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[PMID]: 28035685
[Au] Autor:Rekha PD; Vasavi HS; Vipin C; Saptami K; Arun AB
[Ad] Address:Yenepoya Research Centre, Yenepoya University, Deralakatte, Mangalore, India.
[Ti] Title:A medicinal herb Cassia alata attenuates quorum sensing in Chromobacterium violaceum and Pseudomonas aeruginosa.
[So] Source:Lett Appl Microbiol;64(3):231-238, 2017 Mar.
[Is] ISSN:1472-765X
[Cp] Country of publication:England
[La] Language:eng
[Ab] Abstract:Quorum sensing (QS) has been shown to play a crucial role in the pathogenesis in many bacteria, and attenuation of QS is one of the targets of antimicrobial therapy with particular interest in combating drug resistance. This study reports the QS inhibitory activity of metabolites from Cassia alata L. (Ca. alata), an important medicinal herb widely used in the treatment of microbial infections. For investigating the QS inhibition (QSI), the potential of Ca. alata L., initially, metabolites of the leaves extracted using ethanol was tested against biosensor strain Chromobacterium violaceum CV026 and C. violaceum wild-type strains. Furthermore, a purified fraction rich in flavonoids (F-AF) was used for establishing QSI activity by studying the inhibition of violacein production in C. violaceum, and QS controlled virulence and biofilm formation in Pseudomonas aeruginosa PAO1. The study results showed 50% inhibition of violacein production in C. violaceum at 0·05 mg ml concentration of F-AF. In P. aeruginosa PAO1, it inhibited the tested virulence factors and biofilm formation significantly. The F-AF contained major flavonoids namely, quercetin, quercetrin and kaempferol displaying QSI activity individually against the test organisms. SIGNIFICANCE AND IMPACT OF THE STUDY: Present study demonstrates the quorum sensing inhibitory activity of metabolites from Cassia alata, an important medicinal herb which is commonly used worldwide in the treatment of infections caused by microorganisms. An extract prepared from the leaves of the plant showed activity against quorum sensing in Chromobacterium violaceum and was also effective against attenuating the quorum sensing controlled virulence factors in Pseudomonas aeruginosa. Activity is attributed to the rich flavonoid composition of the plant. Results of the present investigation throw an insight into the possibility of developing drug formulations using the isolated compounds against infections caused by quorum sensing-mediated pathogenicity of bacteria.
[Mh] MeSH terms primary: Anti-Bacterial Agents/pharmacology
Cassia/chemistry
Chromobacterium/drug effects
Plant Extracts/pharmacology
Pseudomonas aeruginosa/drug effects
Quorum Sensing/drug effects
[Mh] MeSH terms secundary: Anti-Bacterial Agents/isolation & purification
Bacterial Proteins/genetics
Bacterial Proteins/metabolism
Chromobacterium/genetics
Chromobacterium/physiology
Flavonoids/isolation & purification
Flavonoids/pharmacology
Plant Extracts/isolation & purification
Plant Leaves/chemistry
Plants, Medicinal/chemistry
Pseudomonas aeruginosa/genetics
Pseudomonas aeruginosa/physiology
Virulence Factors/genetics
Virulence Factors/metabolism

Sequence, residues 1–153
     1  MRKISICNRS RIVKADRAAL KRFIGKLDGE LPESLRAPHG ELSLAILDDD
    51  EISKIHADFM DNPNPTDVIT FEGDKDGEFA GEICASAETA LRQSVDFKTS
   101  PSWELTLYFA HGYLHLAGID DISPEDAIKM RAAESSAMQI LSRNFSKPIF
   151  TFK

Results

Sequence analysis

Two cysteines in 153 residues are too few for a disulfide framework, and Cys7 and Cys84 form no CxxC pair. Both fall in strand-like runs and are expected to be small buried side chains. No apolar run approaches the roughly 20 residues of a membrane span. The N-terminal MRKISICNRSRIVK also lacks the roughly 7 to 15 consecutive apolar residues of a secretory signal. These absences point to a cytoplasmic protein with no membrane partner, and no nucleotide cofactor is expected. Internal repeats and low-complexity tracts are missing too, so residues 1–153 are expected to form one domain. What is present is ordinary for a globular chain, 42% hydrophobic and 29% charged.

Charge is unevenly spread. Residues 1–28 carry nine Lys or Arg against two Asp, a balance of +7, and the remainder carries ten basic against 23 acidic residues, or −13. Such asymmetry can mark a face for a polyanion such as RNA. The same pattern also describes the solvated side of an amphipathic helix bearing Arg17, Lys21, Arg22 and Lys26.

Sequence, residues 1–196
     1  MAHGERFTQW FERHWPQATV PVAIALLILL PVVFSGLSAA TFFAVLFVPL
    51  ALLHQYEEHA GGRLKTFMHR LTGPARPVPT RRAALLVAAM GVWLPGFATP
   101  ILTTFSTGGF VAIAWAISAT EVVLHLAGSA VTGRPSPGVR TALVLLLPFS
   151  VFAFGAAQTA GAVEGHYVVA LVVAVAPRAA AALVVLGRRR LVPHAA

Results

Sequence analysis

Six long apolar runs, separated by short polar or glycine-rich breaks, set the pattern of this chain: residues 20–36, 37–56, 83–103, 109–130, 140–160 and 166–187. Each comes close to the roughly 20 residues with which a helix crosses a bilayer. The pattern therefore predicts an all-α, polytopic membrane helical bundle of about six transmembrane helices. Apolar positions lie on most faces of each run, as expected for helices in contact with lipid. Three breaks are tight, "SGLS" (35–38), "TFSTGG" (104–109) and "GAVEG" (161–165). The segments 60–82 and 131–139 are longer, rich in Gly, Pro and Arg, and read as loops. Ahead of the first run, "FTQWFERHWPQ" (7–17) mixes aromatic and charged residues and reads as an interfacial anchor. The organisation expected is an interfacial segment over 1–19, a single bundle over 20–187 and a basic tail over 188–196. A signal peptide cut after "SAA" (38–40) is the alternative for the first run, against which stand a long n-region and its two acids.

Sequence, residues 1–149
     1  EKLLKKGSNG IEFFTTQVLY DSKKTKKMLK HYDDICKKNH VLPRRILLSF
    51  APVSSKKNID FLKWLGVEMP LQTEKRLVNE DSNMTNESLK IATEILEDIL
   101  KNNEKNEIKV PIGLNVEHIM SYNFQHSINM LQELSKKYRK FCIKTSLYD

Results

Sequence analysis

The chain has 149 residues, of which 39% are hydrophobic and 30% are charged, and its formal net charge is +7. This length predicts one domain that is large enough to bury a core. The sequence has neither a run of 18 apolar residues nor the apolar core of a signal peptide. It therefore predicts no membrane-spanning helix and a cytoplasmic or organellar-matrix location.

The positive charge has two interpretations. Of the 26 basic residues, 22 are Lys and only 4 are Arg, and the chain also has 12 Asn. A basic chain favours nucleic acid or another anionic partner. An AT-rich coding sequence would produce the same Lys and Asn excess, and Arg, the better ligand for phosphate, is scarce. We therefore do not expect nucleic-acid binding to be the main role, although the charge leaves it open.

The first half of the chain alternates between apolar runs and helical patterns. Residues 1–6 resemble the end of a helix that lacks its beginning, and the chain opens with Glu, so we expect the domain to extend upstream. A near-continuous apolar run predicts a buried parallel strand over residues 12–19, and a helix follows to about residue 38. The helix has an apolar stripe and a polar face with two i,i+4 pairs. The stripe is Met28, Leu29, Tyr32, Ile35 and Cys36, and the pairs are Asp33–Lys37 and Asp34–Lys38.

[Pt] Publication type:JOURNAL ARTICLE
[Nm] Name of substance:0 (Anti-Bacterial Agents); 0 (Bacterial Proteins); 0 (Flavonoids); 0 (Plant Extracts); 0 (Virulence Factors)
[Em] Entry month:1706
[Cu] Class update date: 170613
[Lr] Last revision date:170613
[Js] Journal subset:IM
[Da] Date of entry for processing:161231
[St] Status:MEDLINE
[do] DOI:10.1111/lam.12710

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[PMID]: 28006742
[Au] Autor:Tran HN; You SJ; Chao HP
[Ad] Address:Department of Civil Engineering, Chung Yuan Christian University, Chungli 320, Taiwan; Department of Environmental Engineering, Chung Yuan Christian University, Chungli 320, Taiwan. Electronic address: trannguyenhai2512@gmail.com.
[Ti] Title:Fast and efficient adsorption of methylene green 5 on activated carbon prepared from new chemical activation method.
[So] Source:J Environ Manage;188:322-336, 2017 Mar 01.
[Is] ISSN:1095-8630
[Cp] Country of publication:England
[La] Language:eng
[Ab] Abstract:Activated carbon (AC) was synthesized from golden shower (GS) through a new chemical activation process. The three-stage process comprised (1) hydrothermal carbonization of GS to produce hydrochar, (2) pyrolysis of hydrochar to produce biochar, and (3) subsequent chemical activation of biochar with K CO to obtain GSHBAC. The traditional synthesis processes (i.e., one-stage and two-stage) were also examined for comparison. In the one-stage process, GS that was impregnated with K CO was directly pyrolyzed (GSAC), and the two-stage process consisted of (1) pyrolytic or hydrothermal carbonization to produce biochar or hydrochar and (2) subsequent chemical activation was defined as GSBAC and GSHAC, respectively. The synthesized ACs were characterized by scanning electron microscope, Brunauer-Emmett-Teller (BET) surface area analysis, Fourier transform infrared spectrometry, point zero charge, and Boehm titration. The adsorption results demonstrated that the MG5 adsorption process was not remarkably affected by neither the solution pH (2.0-10) nor ionic strength (0-0.5 M NaCl). Kinetic studies showed that the adsorption equilibrium was quickly established, with a low activation energy required for adsorption (Ea; 3.30-27.8 kJ/mol), and the ACs removed 50-73% of the MG5 concentration from solution within 01 min. Desorption studies confirmed the adsorption was irreversible. Thermodynamic experiments suggested that the MG5 adsorption was spontaneous (-ΔG°) and endothermic (+ΔH°), and increased the randomness (+ΔS°) in the system. Although the specific surface areas of the ACs followed the order GSAC (1,413) > GSHAC (1,238) > GSHBAC (903) > GSBAC (812 m /g), the maximum adsorption capacities determined from the Langmuir model (Q ) at 30 °C exhibited the following order: GSHBAC (531) > GSAC (344) > GSHAC (332) > GSBAC (253 mg/g). Oxygenation of the ACs' surface through a hydrothermal process with acrylic acid resulted in a decrease in MG5 adsorption and identified the importance of π-π interactions to the adsorption process. The primary interactions in MG5 adsorption were π-π interactions and pore filling, while hydrogen bonding and n-π interactions were minor contributors. The three-stage process can be regarded as the effective preparation method of AC with a high adsorption capacity toward the cationic dye.